This year I signed up but had no inspiration. I had no clue what the ‘novel’ would be. Nada. But just over a week before, I was picking around in a local antique store and tripped over some old (very old) cancelled passports. There was a curiousness (sic) about them. A novelly smell. The fact they’d been kept in a box with old id cards and photos. And the fact that they had been issued in Valparaiso, Chile. I held the inspiration in my hands. The two passports cost me twenty bucks. I’d now spent $70 on this nebulous novel.

 

By midnight Friday I was champing at the bit, foaming at the mouth, spitting tacks: in short - raring to go. After nine short days of waiting, the labour pains kicked in. I couldn’t wait to write my opening sentence and to get to know my protagonist. So before I hit the hay that night, all I wrote was:

 

 

And with that I happily toddled up to bed and slept like a babe, unlike previous 3DNCs when my midnight oil-burners charred down to their final flicker. When I woke after eight the next morning, chapter one was already rattling through my head. The weekend was cathartic. It was a journey into chinks of memory, to realms of imaginary meals and illuminating conversations, to settings only possible with the help of ‘google street view’. I also had no idea that Gordon’s father would turn out to be a bigamist.

 

By 10.30 pm on Monday night I typed -The End - I was done.  A new draft novel, albeit a tad underweight, was born. The following morning it was emailed off with its witness statement to defend its future. Its sentence I will not know until next Spring. In a strange way, letting it go so swiftly has left me feeling bereft. At a loss.

 

Passport to Perdita wouldn’t exist without this challenge. If it were a NaNo novel it would certainly be different (having 30 days instead of 3 creates a different rhythm) - and there is no money to part with either, so - the commitment is not necessarily quite so acute. And unlike a NaNo novel which is a private/personal manuscript - the 3DN will be read.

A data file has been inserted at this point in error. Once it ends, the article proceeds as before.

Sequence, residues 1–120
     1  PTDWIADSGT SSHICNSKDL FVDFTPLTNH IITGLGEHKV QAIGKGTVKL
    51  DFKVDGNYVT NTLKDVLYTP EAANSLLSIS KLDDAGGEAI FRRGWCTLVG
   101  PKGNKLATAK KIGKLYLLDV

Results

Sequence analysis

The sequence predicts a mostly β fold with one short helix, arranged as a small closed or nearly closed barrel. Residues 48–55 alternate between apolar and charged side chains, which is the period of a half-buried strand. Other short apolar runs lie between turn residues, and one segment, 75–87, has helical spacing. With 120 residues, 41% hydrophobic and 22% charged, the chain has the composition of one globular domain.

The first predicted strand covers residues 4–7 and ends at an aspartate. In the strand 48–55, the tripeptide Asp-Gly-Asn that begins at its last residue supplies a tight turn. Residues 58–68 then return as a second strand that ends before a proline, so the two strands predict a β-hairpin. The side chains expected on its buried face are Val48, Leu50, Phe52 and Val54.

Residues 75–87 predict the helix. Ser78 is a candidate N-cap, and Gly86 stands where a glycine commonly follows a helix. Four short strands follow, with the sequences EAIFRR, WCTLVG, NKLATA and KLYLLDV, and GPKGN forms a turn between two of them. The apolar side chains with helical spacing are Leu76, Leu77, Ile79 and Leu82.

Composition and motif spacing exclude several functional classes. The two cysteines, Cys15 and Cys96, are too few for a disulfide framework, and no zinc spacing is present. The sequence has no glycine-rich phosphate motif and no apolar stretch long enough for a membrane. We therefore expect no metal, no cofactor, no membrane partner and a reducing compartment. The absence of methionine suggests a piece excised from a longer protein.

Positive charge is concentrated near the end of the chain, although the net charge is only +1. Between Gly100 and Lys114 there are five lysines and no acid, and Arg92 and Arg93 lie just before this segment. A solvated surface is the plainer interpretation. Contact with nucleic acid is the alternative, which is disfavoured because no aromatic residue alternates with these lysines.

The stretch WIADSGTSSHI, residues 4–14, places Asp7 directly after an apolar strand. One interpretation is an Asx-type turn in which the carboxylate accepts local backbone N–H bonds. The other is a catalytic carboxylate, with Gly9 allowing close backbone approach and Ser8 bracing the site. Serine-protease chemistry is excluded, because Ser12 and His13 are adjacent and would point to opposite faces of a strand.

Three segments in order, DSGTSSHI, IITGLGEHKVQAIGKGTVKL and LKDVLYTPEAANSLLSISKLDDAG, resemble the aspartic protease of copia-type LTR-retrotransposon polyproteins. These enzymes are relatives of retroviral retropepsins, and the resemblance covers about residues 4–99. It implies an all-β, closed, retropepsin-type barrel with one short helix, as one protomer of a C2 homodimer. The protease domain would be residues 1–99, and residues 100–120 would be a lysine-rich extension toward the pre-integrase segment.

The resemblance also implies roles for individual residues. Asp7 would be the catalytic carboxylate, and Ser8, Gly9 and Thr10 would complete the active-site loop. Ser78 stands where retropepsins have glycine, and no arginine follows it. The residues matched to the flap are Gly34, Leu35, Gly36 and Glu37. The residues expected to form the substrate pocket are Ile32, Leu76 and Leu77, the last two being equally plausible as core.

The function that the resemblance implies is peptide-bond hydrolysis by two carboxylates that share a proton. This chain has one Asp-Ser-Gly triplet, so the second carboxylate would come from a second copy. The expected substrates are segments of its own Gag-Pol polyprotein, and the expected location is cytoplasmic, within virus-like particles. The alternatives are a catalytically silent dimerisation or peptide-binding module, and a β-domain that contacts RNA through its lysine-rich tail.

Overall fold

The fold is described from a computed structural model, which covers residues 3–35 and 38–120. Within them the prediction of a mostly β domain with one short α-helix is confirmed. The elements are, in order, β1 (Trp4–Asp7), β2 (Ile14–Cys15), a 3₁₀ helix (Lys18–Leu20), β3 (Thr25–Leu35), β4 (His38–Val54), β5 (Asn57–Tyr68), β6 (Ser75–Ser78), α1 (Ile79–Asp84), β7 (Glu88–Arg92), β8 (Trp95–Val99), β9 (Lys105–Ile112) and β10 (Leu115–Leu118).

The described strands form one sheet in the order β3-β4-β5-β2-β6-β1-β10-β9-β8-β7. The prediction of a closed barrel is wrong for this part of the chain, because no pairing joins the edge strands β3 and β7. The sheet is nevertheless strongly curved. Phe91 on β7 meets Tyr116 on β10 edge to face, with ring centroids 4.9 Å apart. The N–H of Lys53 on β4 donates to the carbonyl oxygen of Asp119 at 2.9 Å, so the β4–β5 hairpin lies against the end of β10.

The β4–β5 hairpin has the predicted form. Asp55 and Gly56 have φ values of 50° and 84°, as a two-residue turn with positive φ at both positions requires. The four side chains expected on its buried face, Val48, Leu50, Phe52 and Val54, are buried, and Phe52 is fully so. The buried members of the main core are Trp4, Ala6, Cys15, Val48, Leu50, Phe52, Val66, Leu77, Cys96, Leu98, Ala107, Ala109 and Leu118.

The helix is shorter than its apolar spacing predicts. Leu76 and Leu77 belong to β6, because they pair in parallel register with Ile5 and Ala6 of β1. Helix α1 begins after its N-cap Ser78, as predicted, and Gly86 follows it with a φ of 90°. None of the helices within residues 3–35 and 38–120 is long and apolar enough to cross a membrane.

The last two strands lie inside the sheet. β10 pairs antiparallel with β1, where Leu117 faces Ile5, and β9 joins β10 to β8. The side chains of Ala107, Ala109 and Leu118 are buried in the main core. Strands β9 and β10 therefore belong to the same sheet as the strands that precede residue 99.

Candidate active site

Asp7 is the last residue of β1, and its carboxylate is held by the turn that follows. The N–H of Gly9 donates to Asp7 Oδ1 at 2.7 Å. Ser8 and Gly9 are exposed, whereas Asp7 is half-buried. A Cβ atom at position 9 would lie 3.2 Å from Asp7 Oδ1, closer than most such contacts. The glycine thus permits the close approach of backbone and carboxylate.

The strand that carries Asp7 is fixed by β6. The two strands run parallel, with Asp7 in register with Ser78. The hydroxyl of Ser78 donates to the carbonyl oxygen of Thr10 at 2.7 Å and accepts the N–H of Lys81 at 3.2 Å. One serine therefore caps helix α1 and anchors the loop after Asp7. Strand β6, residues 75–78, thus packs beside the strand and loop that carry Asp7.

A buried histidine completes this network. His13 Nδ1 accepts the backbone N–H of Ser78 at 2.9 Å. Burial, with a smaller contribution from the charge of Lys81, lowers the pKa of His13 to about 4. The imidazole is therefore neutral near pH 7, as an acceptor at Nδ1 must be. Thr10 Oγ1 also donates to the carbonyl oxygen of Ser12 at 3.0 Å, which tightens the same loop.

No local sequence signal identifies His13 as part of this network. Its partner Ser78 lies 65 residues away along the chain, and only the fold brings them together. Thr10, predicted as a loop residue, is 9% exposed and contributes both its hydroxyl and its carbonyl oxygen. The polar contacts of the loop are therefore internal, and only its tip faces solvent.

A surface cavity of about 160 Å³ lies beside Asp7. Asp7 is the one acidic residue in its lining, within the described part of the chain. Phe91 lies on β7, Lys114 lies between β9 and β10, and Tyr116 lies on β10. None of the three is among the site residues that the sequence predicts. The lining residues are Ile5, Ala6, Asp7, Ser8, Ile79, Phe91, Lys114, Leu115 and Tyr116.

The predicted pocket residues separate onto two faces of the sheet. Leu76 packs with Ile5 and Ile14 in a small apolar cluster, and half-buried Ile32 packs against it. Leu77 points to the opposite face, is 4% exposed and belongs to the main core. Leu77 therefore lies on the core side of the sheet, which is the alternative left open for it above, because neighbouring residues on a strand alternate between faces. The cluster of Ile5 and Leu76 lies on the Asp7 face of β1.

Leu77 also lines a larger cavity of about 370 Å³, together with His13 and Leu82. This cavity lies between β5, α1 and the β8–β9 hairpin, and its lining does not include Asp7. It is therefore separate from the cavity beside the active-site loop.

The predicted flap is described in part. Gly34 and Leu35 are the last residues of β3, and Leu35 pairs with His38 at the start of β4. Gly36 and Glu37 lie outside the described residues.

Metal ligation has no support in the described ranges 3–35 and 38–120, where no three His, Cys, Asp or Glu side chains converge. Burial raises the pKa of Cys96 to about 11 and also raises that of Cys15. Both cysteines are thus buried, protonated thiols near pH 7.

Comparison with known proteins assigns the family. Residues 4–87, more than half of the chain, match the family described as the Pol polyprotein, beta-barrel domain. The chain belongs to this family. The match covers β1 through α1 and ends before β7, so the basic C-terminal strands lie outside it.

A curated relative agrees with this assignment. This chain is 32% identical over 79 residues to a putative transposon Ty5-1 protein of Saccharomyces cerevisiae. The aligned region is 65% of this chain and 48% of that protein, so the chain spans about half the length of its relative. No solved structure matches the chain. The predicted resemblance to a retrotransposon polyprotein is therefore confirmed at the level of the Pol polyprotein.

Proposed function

So I now have three 3 Day Novels: Minerva’s Letters, Gecekondu, and Passport to Perdita. They are like my children, one (Gecekondu) has left home now and is doing the publishers’ circuit. 

 

You incubate them; these characters, these stories, these situations. You live intensely with them, always hoping they will take flight. And then when they do...

 

 

...of course, there’s always Nano kicking off in a couple of months. Do I really want to add another draft novel to the dusty pile? 

 

Monday 5th November - This Week on WA!
Category: Site News
Tags: Foreign Encounters Book launch Nanowrimo November writing challenge Bonfire night

 

  1. Foreign Encounters sales are still doing well, 171 copies sold already, amounting to a profit of 224 Euros! Last year’s anthology, Foreign Flavours, is attracting buyers as well. Paola, Doreen, Jo and Vanessa are planning book launches in their countries, drawing in local buyers with readings and luscious eats.
  1. Chris N has penned a thought-provoking blog which I recommend you read and add your comments on the subject.
  1. Jill has written some tantalising prompts for us, including duchesses, racehorses, silk scarves and possibly a bonfire thrown in. No excuse for not getting fire-cracking on our Monday Muses this week.
  1. November writing challenges include; flash fiction, memoir writing, any Nano preparations and a dear diary competition. A pen-watering pick & mix of writing challenges!
  1. Jill is still reigning on the bragging stool with two non-fiction commissions. Her short story, 'My Cousin May', recently shortlisted in a competition, will be published on the 5minutefiction website later in November! Keep up the good work, Jill. Perhaps the fourth bus will be coming along soon.
  1. Nanowrimo participants are determined to achieve their word counts every day, despite pesky inner critics managing to contact them from various places of incarceration. (I’m speaking for myself here, but cannot imagine I’m the only one!) Keep writing and don’t let the b*****ds grind us down, I say.

Don’t know if you’re celebrating Bonfire night where you are but how about igniting some fictional fireworks? Whatever tickles your fancy; Catherine Wheels, Jumpin’ Jacks, Roman Candles or Dutch favourite, the Screaming Kitchen Maid, let’s all sparkle!